Saturday Smalls — April 6th, 2019

April 6, 2019

This week’s mini review round-up includes the following:

  1. m/m historical romance novella
  2. nonfiction novel about paranormal activity
  3. adult horror graphic novel
  4. poetry collection about motherhood

The Doctor's Discretion by E.E. Ottoman

TITLE: The Doctor’s Discretion
AUTHOR: E.E. Ottoman
GENRE: Historical Romance

When Doctor William Blackwood, a proper gentleman who prefers books to actual patients, meets retired Navy surgeon Doctor Augustus Hill, they find in each other not just companionship but the chance of pleasure–and perhaps even more. The desire between them is undeniable but their budding relationship is disrupted by the arrival of a mysterious patient at New York Hospital. Mr. Moss has been accused of being born a woman but living his life as a man, an act that will see him committed to an asylum for the rest of his life. William and Augustus are determined to mount a rescue even if it means kidnapping him instead.


I really wanted to love this, if for nothing other than how incredibly diverse it was — with the primary characters being a black gay man, a white gay intersex and disabled man, and another white intersex man (presumably gay but I don’t think it was ever confirmed?). Unfortunately, the plot that should have been thrilling just played out as a bit boring, and the writing wasn’t very enjoyable for me.

It needs a lot of editing, which is not a big issue for me (I read a lot of indie work that doesn’t always have impeccable spelling and grammar, and I really don’t care as long as it’s legible), but I know it’s something that would bother a lot of readers. The biggest issue as far as the writing went was just how overly detailed and monotonous it got at times. I don’t need multiple sentences describing a character paying for their dinner at a pub, or making a cup of tea, etc.

I also had a pretty tough time with the romance, as it’s very insta-lovey (there’s even a part where a character thinks something along the lines of, “how could I call him an acquaintance after the week we’ve had?”, but I’m pretty sure it had only been 3 days, not a week, and even if it had been a week, no, you should not essentially commit all of your foreseeable future to someone after a few days in both romantic and business ventures). Maybe I sound nitpicky here, and I’m sorry if I do, but the good in this book was just vastly overshadowed by how poorly written I felt it to be.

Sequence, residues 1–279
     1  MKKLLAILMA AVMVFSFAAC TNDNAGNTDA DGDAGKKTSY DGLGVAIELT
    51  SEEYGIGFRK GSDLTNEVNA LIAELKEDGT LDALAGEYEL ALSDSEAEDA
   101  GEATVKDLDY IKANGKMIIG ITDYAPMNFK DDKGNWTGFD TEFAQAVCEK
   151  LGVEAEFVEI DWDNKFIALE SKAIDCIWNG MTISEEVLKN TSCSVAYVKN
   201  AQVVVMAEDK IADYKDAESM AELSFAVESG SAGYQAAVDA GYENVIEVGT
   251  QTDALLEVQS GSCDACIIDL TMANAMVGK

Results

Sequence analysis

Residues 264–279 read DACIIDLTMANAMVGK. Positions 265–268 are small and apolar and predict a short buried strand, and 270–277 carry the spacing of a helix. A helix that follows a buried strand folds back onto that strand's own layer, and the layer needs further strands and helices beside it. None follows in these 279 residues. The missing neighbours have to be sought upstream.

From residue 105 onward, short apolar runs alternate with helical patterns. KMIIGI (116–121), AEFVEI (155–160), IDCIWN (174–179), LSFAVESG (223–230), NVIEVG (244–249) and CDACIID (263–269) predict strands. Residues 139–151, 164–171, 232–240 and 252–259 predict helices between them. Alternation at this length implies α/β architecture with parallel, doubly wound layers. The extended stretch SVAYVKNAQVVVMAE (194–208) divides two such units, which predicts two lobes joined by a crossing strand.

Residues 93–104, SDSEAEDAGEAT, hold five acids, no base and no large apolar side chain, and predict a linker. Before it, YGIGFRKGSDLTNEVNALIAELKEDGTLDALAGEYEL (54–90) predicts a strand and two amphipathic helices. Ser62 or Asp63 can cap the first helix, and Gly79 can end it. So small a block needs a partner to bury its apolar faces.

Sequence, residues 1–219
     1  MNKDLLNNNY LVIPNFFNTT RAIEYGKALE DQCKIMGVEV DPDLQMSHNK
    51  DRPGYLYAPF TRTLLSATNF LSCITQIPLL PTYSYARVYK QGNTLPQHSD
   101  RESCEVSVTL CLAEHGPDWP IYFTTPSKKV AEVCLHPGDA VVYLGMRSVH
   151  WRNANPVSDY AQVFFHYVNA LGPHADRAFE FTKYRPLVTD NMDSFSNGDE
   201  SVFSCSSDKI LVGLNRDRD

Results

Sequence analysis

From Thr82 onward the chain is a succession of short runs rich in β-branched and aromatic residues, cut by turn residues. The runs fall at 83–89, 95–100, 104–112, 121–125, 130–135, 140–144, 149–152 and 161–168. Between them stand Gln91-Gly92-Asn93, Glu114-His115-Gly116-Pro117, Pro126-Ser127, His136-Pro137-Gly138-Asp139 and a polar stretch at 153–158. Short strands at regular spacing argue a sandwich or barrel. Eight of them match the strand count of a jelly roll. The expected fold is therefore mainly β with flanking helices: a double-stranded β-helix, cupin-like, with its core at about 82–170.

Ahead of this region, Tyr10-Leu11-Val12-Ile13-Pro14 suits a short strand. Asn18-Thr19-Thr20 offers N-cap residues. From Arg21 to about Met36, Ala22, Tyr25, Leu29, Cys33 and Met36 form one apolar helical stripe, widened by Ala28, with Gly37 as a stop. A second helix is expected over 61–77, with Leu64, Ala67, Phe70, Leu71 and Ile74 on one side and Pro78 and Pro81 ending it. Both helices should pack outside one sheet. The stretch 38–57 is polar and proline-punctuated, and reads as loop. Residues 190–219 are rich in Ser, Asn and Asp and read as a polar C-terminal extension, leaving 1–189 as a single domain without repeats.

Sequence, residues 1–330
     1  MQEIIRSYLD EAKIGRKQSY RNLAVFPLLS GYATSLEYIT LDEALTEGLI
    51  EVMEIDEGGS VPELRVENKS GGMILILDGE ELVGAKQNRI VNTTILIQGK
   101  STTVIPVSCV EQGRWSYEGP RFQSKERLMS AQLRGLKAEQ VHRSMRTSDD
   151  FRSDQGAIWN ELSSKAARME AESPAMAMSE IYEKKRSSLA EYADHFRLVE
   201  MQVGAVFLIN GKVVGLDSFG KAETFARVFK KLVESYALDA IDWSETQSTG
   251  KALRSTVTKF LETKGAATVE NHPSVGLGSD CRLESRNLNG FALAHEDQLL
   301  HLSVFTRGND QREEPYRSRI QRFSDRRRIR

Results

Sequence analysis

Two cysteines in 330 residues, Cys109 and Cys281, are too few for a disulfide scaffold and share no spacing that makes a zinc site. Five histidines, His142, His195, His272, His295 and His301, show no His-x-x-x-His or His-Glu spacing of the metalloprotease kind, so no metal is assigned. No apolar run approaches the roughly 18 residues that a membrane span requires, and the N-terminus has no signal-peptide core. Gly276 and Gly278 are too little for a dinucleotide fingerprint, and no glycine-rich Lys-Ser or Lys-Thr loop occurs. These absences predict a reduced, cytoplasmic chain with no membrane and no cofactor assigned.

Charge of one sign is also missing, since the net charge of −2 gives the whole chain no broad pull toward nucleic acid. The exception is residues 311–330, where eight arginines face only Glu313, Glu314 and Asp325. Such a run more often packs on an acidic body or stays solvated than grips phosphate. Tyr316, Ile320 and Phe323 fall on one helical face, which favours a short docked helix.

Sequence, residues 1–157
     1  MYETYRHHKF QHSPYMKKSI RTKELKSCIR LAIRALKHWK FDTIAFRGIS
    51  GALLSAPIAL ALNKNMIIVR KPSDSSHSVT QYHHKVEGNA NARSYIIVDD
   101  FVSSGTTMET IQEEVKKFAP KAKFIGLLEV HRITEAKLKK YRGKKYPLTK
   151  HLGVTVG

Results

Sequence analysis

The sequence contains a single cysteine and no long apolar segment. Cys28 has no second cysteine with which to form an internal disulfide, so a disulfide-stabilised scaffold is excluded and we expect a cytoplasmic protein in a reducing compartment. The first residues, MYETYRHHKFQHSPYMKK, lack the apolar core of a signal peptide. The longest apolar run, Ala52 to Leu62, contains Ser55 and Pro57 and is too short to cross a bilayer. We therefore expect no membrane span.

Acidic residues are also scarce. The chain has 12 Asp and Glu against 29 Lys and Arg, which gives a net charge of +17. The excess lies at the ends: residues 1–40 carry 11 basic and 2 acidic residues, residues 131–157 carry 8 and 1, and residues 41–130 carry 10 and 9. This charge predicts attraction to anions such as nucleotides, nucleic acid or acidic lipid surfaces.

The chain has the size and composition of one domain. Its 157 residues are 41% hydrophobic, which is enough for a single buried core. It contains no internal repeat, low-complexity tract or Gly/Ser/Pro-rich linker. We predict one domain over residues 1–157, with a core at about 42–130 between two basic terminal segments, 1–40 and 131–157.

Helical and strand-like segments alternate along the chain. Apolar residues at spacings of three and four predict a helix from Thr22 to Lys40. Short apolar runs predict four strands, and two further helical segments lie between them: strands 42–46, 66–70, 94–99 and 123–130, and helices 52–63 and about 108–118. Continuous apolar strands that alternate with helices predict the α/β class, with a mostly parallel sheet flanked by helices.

On the Hunt for the Haunted by Robin Strom

TITLE: On the Hunt for the Haunted
AUTHOR: Robin Strom
GENRE: Nonfic

Author Robin Strom’s passion for collecting evidence of the paranormal has made her a trusted expert in the field. On the Hunt for the Haunted is a book of Robin’s most fascinating investigations and her most compelling proof. Using an arsenal of professional equipment for detecting, measuring, and recording activity, Robin and her team repeatedly make contact with the other side, tirelessly seeking answers to one of the world’s most enigmatic riddles: what happens when we die?


Right off the bat, the author built up some solid respect in my eyes by discussing her own paranormal experiences and going into some detail regarding the equipment she’d be using and her own fail-safes in place to avoid false readings, etc. I like that you could see she took it very seriously, and that feeling continued throughout the book—there were some cases in which she even readily admitted they didn’t find any conclusive evidence, and in one case, she explained that she could only detail the homeowner’s explanation as the homeowner had asked her not to investigate the property (for risk of stirring up trouble).

All in all, I thought it was solid on the technical aspect. As someone who strongly believes in paranormal phenomenons, some books of this type have left me feeling annoyed or belittled, as though the author didn’t really believe in what they were saying, and was just looking to make a quick buck. Robin Strom never makes the reader feel as though she’s anything less than sincere, though.

Overall, if you enjoy nonfiction about paranormal events and investigations, I strongly recommend picking up a copy of On the Hunt for the Haunted, and I know I’ll be recommending this one to friends for a long time to come.

Thank you so much to the publisher for providing me with this ARC in exchange for an honest review!

A Walk Through Hell, Volume 1 by Garth Ennis

TITLE: A Walk Through Hell, Vol. 1